Saturday, April 16, 2011

Medical Pot Farm Puts Isleton officials on Grand Jury Hot Seat -- Again

By Sam Stanton
Published: Friday, Apr. 15, 2011 - 12:00 am | Page 1A
When word comes in Isleton that officials are the subject of a grand jury probe, it hardly seems shocking.

Seven times since 1995, a grand jury has probed the tiny Delta town's fiscal woes, administrative weaknesses or its police department.

Make that eight.

A flurry of grand jury subpoenas were delivered to city officials at a council meeting Wednesday night, ordering them to appear April 27 for secret testimony before the Sacramento County grand jury.

District Attorney Jan Scully's office would not comment on the probe Thursday.

But, as is common for this town of just more than 800 residents, people are talking.

This latest investigation is aimed at an ambitious medical marijuana growing operation the city approved last September in exchange for promises of monthly payments of at least $25,000.

"There was plenty of concern, but it's a legal business and we treated it as such," said Councilman Robert Jankovitz, who supported the plan and, as a reward, received a subpoena.

"We tried to do everything right and aboveboard in the development agreement," he added. "They were required to do everything in a legal manner; otherwise, according to the agreement, we can shut them down."

The planned pot farm has hardly been a surreptitious effort. The first thing you see entering town from the north is the framework of six "hoop houses" that will be covered in plastic sheeting to create greenhouses.

The greenhouses sit in the middle of a failed housing development of four brightly colored model homes and 14 houses that fell victim to the housing collapse in 2007.

The marijuana operation, a nonprofit called Delta Allied Growers, is leasing the 50- acre parcel with plans to buy it and create a permanent – and legal – pot-growing center.

"There's no cash on premises, no sales happening on premises," said Dan Holland, the company design director who was overseeing construction at the site Thursday.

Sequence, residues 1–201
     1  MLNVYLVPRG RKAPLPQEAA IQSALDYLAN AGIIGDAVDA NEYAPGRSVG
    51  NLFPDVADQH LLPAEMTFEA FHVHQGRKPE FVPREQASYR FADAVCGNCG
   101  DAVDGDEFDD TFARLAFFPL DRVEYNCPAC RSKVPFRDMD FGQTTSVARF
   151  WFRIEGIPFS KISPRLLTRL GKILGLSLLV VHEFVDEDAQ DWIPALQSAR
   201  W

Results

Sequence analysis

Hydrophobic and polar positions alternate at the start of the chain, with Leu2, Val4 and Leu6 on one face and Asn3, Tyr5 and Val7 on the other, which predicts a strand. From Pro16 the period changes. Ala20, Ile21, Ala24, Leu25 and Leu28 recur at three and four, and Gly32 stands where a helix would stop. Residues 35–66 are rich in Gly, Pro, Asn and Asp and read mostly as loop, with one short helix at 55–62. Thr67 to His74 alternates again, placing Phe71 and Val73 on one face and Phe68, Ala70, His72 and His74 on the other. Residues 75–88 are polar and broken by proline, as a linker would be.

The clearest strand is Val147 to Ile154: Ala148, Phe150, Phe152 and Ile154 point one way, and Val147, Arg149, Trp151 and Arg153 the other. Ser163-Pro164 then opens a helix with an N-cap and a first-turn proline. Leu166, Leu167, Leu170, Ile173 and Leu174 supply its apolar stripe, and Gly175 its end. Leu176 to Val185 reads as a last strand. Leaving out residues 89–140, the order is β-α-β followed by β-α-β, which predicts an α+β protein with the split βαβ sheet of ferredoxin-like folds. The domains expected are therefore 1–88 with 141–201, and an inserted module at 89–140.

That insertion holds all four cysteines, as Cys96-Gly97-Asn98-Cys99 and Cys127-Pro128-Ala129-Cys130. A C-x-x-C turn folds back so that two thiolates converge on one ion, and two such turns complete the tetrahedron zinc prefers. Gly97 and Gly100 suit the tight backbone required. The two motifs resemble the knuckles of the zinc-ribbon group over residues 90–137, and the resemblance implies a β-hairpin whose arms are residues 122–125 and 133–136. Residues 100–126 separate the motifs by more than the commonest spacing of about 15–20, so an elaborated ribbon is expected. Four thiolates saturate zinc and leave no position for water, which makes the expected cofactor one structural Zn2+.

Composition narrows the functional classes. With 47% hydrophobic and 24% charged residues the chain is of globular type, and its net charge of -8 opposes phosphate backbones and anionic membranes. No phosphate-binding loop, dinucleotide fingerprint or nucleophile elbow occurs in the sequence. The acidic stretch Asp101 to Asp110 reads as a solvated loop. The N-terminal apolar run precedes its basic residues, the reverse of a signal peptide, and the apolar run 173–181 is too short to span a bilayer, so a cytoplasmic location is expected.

"The misperception is the weed is going to be flowing on the streets of Isleton, that you can get it and everybody's going to get high. Really, that's not us."

Holland says his company hopes to have plants growing at the site – under strict watch and behind secure fencing – within two to three weeks. Delta Allied has been paying Isleton, which is perpetually broke, $25,000 monthly since October, Holland said.

Once the growing operation begins to generate revenue, he said, Delta Allied will follow through on installing "military-grade" surveillance cameras for the site, as well as the entire town, allowing police to monitor the streets from an office or a squad car.

Isleton's current police force consists of its chief, Rick Sullivan, who also got a subpoena.

Holland said the grand jury probe may delay the nonprofit's progress, and people in town are speculating openly about what's behind the investigation.

Holland and some council members say rumors are rampant that a disgruntled citizen called Scully's office claiming the development deal was tainted by Delta Allied building new homes for someone in power.

Councilwoman Elizabeth Samano said she was handed a subpoena over rumors that investigators believe "that somebody was rubbing somebody's back."

City Manager Bruce Pope said the subpoenas were issued simply because "Jan Scully just got in the writing mood."

Pope said he and the city attorney met with Scully a month ago and offered their full cooperation, but "basically their whole attitude has been nasty."

"We're a city," Pope said. "Everything we do is public, with some small exceptions.

"Nobody built a house for anyone, no one's palms were greased. It may be that the DA doesn't understand land use planning law."

Holland also said the premise of under-the-table payments is nuts. "Nobody in the city's gotten kickbacks, nobody's gotten a car," he said.

City officials plan to meet tonight to discuss the matter, but it seemed to have caused barely a ripple on Main Street, where only a handful of shops and restaurants are hanging on.

"I hear different things from people that live here," said Maria Vasquez, who runs the Hair Loom salon and notes that the marijuana site is "obvious" to anyone driving by.

"Of course, the older people don't want any of that. They just want Isleton to stay the way it is.

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